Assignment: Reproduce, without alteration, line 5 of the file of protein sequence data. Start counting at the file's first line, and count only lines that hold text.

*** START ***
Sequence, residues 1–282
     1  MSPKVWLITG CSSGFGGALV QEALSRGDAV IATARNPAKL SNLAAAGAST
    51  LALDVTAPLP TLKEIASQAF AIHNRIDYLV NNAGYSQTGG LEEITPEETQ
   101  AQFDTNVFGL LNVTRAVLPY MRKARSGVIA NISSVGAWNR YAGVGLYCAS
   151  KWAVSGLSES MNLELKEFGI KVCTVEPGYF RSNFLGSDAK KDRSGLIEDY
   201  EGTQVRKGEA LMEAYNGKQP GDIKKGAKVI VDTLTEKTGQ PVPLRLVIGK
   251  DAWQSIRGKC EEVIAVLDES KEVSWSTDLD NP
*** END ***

   151  KWAVSGLSES MNLELKEFGI KVCTVEPGYF RSNFLGSDAK KDRSGLIEDY